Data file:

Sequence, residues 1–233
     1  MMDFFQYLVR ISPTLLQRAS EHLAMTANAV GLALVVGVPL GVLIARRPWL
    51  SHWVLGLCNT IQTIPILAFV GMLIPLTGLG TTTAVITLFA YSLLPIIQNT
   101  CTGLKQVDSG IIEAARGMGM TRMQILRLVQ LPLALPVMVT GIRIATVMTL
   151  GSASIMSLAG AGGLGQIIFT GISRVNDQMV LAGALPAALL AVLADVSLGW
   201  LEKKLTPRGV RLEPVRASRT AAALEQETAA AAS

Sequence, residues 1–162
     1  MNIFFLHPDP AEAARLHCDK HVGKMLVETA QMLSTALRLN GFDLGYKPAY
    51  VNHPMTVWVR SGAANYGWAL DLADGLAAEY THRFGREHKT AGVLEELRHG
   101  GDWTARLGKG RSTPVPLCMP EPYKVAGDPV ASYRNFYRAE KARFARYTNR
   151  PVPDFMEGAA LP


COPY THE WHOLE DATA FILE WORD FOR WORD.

Sequence, residues 1–233
     1  MMDFFQYLVR ISPTLLQRAS EHLAMTANAV GLALVVGVPL GVLIARRPWL
    51  SHWVLGLCNT IQTIPILAFV GMLIPLTGLG TTTAVITLFA YSLLPIIQNT
   101  CTGLKQVDSG IIEAARGMGM TRMQILRLVQ LPLALPVMVT GIRIATVMTL
   151  GSASIMSLAG AGGLGQIIFT GISRVNDQMV LAGALPAALL AVLADVSLGW
   201  LEKKLTPRGV RLEPVRASRT AAALEQETAA AAS

Sequence, residues 1–162
     1  MNIFFLHPDP AEAARLHCDK HVGKMLVETA QMLSTALRLN GFDLGYKPAY
    51  VNHPMTVWVR SGAANYGWAL DLADGLAAEY THRFGREHKT AGVLEELRHG
   101  GDWTARLGKG RSTPVPLCMP EPYKVAGDPV ASYRNFYRAE KARFARYTNR
   151  PVPDFMEGAA LP